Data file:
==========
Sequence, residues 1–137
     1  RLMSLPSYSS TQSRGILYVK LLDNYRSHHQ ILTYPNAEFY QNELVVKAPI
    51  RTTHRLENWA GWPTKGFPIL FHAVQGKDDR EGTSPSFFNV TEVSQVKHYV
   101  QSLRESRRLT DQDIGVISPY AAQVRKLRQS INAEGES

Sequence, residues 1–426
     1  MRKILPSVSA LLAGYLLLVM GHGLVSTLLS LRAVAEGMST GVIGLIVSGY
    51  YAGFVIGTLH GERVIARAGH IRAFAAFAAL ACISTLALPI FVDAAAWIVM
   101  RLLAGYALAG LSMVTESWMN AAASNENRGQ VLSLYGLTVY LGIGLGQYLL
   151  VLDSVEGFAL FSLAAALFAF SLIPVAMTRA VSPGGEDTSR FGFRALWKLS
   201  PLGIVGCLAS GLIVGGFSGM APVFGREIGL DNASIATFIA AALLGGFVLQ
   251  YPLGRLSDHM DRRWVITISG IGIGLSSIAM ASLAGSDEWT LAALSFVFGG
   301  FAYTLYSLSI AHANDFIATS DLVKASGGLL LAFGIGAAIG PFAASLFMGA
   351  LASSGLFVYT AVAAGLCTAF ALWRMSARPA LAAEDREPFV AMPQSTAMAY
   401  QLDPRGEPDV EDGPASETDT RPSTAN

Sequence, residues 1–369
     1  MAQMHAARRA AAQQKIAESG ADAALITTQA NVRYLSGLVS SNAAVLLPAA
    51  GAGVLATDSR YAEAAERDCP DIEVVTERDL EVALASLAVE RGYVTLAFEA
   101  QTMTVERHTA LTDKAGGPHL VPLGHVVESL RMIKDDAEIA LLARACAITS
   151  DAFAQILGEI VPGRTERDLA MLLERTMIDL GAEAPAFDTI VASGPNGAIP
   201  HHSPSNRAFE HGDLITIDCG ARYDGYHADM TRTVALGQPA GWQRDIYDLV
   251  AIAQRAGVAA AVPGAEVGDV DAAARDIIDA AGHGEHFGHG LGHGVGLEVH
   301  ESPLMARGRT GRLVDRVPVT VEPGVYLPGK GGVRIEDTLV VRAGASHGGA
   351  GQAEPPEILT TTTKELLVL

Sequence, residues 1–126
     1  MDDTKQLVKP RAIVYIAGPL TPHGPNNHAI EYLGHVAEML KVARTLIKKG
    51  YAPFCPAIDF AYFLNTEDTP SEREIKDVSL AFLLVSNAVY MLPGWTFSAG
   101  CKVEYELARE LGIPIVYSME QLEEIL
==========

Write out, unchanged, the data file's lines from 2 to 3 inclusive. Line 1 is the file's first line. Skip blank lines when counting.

     1  RLMSLPSYSS TQSRGILYVK LLDNYRSHHQ ILTYPNAEFY QNELVVKAPI
    51  RTTHRLENWA GWPTKGFPIL FHAVQGKDDR EGTSPSFFNV TEVSQVKHYV